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House of the Monkey and the Jaguar

As we craned our necks to watch a spider monkey moving gracefully through the upper level of the forest canopy high above us, my 17-year-old son said exactly what you would expect a teenage boy to say: “Boy I wish that monkey would poo right now.” When something fell onto the path, narrowly missing his younger sister, a few seconds later, it was almost as if the monkey had heard his plea and delivered more than he’d asked for — but not quite everything he had hoped for.

As we craned our necks to watch a spider monkey moving gracefully through the upper level of the forest canopy high above us, my 17-year-old son said exactly what you would expect a teenage boy to say: “Boy I wish that monkey would poo right now.”

When something fell onto the path, narrowly missing his younger sister, a few seconds later, it was almost as if the monkey had heard his plea and delivered more than he’d asked for — but not quite everything he had hoped for.

Hiking through Mexico’s Otoch Ma’ax Yetel Kooh Nature Reserve, it isn’t hard to imagine what early explorers and archeologists faced when searching the jungles for Mayan ruins — and of the probable hazards, monkey droppings were low on the list.

The Mayan name Otoch Ma’ax Yetel Kooh actually means: “House of the Spider Monkey and Jaguar” and the trees in the preserve are teaming with spider monkeys and a smaller population of howler monkeys. Our guide said that jaguars can also be found in the surrounding jungle, but are not typically seen during daylight hours — though he pulled out his cellphone and showed us a photograph of a jaguar he had taken while camping overnight in the area last year.

In the nearby lake, there are crocodiles. There may have been a few poisonous snakes in the forest, although nobody actually mentioned it. Suffice it to say I was glad we were on a guided tour.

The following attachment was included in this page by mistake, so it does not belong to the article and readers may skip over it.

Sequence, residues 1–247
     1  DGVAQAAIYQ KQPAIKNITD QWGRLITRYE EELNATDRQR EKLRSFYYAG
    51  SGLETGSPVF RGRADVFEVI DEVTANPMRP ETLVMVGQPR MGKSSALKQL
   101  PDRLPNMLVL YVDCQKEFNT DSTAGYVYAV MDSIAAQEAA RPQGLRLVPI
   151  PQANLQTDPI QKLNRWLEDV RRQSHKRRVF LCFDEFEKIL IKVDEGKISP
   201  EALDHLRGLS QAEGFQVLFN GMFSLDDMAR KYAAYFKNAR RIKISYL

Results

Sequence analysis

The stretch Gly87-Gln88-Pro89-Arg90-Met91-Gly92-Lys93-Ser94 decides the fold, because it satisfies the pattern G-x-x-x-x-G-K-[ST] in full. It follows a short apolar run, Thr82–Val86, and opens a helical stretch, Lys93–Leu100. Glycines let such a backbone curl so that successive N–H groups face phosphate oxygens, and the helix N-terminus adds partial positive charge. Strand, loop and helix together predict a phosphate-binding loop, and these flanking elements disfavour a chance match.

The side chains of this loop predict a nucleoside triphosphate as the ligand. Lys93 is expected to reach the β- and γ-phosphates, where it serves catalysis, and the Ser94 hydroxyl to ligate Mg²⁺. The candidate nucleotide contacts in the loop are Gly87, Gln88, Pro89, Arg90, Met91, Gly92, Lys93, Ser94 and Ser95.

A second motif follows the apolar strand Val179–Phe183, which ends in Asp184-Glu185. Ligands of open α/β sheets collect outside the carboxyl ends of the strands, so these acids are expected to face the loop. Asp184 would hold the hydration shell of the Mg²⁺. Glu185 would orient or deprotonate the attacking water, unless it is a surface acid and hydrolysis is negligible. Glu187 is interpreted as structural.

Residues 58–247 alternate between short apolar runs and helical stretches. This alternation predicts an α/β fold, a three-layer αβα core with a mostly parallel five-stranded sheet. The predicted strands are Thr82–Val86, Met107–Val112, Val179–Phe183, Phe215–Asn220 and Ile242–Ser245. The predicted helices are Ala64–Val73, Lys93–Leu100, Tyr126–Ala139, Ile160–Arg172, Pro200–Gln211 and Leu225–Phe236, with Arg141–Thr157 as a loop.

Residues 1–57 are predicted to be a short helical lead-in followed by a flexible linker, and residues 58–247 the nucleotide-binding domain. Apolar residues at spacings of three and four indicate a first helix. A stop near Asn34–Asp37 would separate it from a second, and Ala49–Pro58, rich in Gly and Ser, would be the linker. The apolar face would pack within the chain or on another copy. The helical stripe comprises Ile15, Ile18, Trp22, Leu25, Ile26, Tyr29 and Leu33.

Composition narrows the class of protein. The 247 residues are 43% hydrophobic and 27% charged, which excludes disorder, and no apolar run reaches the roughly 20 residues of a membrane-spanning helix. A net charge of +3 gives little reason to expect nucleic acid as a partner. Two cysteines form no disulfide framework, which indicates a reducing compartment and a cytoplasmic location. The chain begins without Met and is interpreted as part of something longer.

Established in 2002, the 5367 hectare preserve protects a wide variety of rare plants and animals and provides a source of employment for local Mayans. We technically had two guides on the tour — a local Mayan guide named Eulogio, who spoke a dialect that was a mixture of Mayan and Spanish, and our private tour guide Carlos, who translated.

As we wandered through the jungle, Eulogio pointed to a tree and admonished us not to touch it. “The Mayans call this tree the black poison tree, because its sap is really irritating when you touch it,” Carlos interpreted. “It will make you itchy and if you scratch it, the rash will spread and can cause blisters that last for weeks.”

Ironically, the antidote for the black poison tree is usually found in close proximity in the form of another tree with red, flakey bark. Sap from the gumbo limbo tree relieves rashes, stings and burns and tea from the leaves can be used to treat fever and other conditions.

“This tree is the natural antidote for the black poison tree and we sometimes call it a tourist tree,” laughed Carlos as he translated. “Just like the tourists who visit here, it’s always red and peeling.”

One of the most interesting features of hiking through the jungles in this part of Mexico are the gigantic mounds of earth and trees that hide the many Mayan ruins that are still waiting to be unearthed. We climbed a large mound and discovered the entrance to a Mayan spiritual site at the top. Inside we could see a blue tinge to the walls of the structure and Carlos, who is an archeology student, explained that the colour blue was common inside ruins that date between 250 and 900 AD.